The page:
Paiute Wolf is a course with teeth
Course puts golfers to the test with length, risks
It can be the big, bad Wolf, if you so choose.
There isn’t a longer course in Nevada than Wolf, which measures a whopping 7,604 yards from the tips. Wolf is one of three Pete Dye-designed courses on the property owned by the Las Vegas Paiute Tribe. There’s also Snow Mountain, which opened in 1995, followed by Sun Mountain in 1996. All three courses, located about 25 minutes northwest of the Las Vegas Strip, come with scenic 360-degree views of the natural, rolling landscape against a mountain-range backdrop.
“Sun Mountain is considered the most picturesque. It’s a kinder, gentler Dye,” said Christie Shaw, director of marketing. “Snow Mountain has seven water features and we think 16, 17 and 18 are some of the best finishing holes in Las Vegas. All three courses have really different designs.”
Wolf, which opened in 2001, is considered the signature course with its endless bunkers (I stopped counting at 15 traps on the par-5 third), elevation changes and sheer length.
“That (7,604 yards) is why a lot of folks want to try it,” Shaw said.
We played Wolf on a breezy, sunny afternoon from the yellow tees and it had ample distance at 6,483 yards, including four par-4s 410 yards or longer.
Three of those long par-4s create great closing stretches to both nines. On the front, it begins with the par-5 sixth that has a bunker running 450 yards along the left side before slicing across the front of a shallow, slightly elevated green.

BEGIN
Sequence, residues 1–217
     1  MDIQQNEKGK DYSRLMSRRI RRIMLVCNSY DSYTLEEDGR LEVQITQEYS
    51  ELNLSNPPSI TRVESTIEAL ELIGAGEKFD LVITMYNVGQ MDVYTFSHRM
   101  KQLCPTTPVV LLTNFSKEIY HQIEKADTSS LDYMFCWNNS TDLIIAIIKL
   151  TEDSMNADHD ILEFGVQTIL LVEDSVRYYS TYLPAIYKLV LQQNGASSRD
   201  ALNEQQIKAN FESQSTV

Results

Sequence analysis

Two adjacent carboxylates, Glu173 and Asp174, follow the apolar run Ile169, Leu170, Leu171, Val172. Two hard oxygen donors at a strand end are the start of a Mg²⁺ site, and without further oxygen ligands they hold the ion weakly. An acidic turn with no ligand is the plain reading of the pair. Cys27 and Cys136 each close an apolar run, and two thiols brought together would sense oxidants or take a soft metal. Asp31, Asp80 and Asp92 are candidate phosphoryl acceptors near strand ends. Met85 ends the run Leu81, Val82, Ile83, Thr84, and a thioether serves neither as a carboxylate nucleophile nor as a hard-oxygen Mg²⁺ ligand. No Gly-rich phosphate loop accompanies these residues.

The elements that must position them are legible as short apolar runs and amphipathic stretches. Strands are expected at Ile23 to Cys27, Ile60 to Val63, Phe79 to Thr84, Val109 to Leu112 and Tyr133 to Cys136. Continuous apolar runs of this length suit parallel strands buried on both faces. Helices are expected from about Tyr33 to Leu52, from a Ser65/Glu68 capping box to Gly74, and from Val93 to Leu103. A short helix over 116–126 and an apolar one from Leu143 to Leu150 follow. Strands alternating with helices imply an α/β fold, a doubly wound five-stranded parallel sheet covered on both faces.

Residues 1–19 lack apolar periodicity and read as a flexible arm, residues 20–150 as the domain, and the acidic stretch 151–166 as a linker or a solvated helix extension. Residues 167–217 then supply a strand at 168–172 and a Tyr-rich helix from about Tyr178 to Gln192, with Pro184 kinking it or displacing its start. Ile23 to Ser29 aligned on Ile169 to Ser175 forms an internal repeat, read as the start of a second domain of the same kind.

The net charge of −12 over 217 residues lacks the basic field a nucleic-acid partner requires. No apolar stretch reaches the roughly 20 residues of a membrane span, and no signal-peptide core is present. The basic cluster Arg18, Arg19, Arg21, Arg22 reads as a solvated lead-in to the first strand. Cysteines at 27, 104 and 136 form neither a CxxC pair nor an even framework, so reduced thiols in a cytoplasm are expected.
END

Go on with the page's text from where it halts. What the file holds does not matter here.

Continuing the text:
No. 7 is 410 yards, but plays much longer because it’s uphill. Drives to the right will likely find one of five bunkers. Keep it in play off the tee and the next shot is equally challenging: typically a middle iron to an elevated green.
No. 8 is an interesting 170 yards (206 from the back tees). Miss right and you won’t see your playing partners for a while. Your ball will settle in a waste bunker some 40 feet below the green. Good luck getting that up-and-down. The diagonally shaped green can send shots that are slightly right and slightly short to a sandy resting spot.
Put a 3 on the scorecard at No. 8 and your reward is … the uphill, dogleg-right 431-yard 9th. For once, there are no bunkers to worry about on your tee shot – just a grass bunker along the right side. Bunkers protect a two-tiered green.
The back nine is equally challenging. The first water feature shows up at No. 12, framing the par-3’s right side. The par-4 14th dog-legs hard right and your first decision is determining how much distance you want to try to shave off by challenging a waste area along the right side.
No. 15, a 138-yard par-3 with an island green, is often the most memorable for first-timers, Shaw said. “If somebody makes a hole-in-one we hear about it for days.”
No. 18 is a classic, 428-yard finishing hole. Water hugs the right side before giving way to a green guarded by several bunkers.
Asked what visitors tell her after they’ve played Wolf, Shaw said, “With a smile, ‘That was hard.’ ”
Asked her approach when she plays Wolf, Shaw responded, “If I’m feeling competitive I’ll push it, but I like the fact that because of the tee-box options I can decide what I’m up for. I don’t try to beat the course; I try to play with it.”